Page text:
Infiniti says the G37 Coupe goes from 0 to 60 mph in a shade over 5 seconds.

Its cornering ability is superb, and steering is responsive and tight. 

The taut suspension lends itself well to performing as a sports car, or, when you prefer, riding like a luxury car. 

The exhaust note has a growl that, for performance car enthusiasts, is absolutely melodious.

The seats are adjustable and quite comfortable.

And a feature that we noted that we liked in the 370Z is present in the G37, too: the instrument cluster moves when you adjust the tilt and telescoping steering column, so that the gauges aren’t blocked by the wheel.

There are other neat technological features, such as adaptive cruise control, adaptive front lighting, which pivots the headlights around turns for better visibility and an effective GPS that can be controlled with buttons or touch screen.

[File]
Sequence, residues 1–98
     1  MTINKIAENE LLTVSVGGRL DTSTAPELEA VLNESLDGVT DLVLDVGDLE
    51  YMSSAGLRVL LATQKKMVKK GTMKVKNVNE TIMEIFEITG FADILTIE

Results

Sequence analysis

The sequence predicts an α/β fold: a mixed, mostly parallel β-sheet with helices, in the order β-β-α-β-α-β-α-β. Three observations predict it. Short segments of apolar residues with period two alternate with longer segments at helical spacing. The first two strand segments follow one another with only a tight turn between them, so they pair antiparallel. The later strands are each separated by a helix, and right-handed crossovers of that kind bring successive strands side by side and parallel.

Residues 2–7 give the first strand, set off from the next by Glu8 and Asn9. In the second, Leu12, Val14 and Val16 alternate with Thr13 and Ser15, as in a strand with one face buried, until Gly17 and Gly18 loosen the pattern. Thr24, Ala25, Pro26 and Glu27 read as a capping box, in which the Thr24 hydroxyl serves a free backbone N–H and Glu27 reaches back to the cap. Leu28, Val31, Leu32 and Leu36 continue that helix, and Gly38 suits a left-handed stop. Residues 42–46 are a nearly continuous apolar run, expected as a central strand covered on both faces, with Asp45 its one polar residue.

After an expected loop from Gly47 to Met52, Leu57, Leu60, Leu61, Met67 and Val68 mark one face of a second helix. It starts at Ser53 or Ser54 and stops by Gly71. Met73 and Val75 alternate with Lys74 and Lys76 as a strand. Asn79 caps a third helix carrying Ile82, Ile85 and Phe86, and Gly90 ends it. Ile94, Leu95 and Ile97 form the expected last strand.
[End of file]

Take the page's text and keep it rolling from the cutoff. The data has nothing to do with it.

You also get an on-board iPod integration.

The G37 Coupe's interior space isn't cavernous, and the back seat is pretty cramped. But the driver should have enough room to be comfortable. 

The trunk was larger than we expected, which was a nice surprise. 

The 2009 Infiniti G37 Coupe, which starts at around $38,700, is a terrific value in the luxury segment. Even when you upgrade with a few of the option packages, it remains a good value. 

For instance, you can get the G37x Coupe, which is equipped with intelligent all-wheel drive, which keeps the car in rear-wheel drive until it detects slip, then lets it send up to 50 percent of its power to the front wheels. 

Also available are the $1,150 Technology Package, $3,000 Premium Package, $2,200 Navigation Package, $330 illuminated kick plates, and the $1,650 upgraded 18-inch wheels.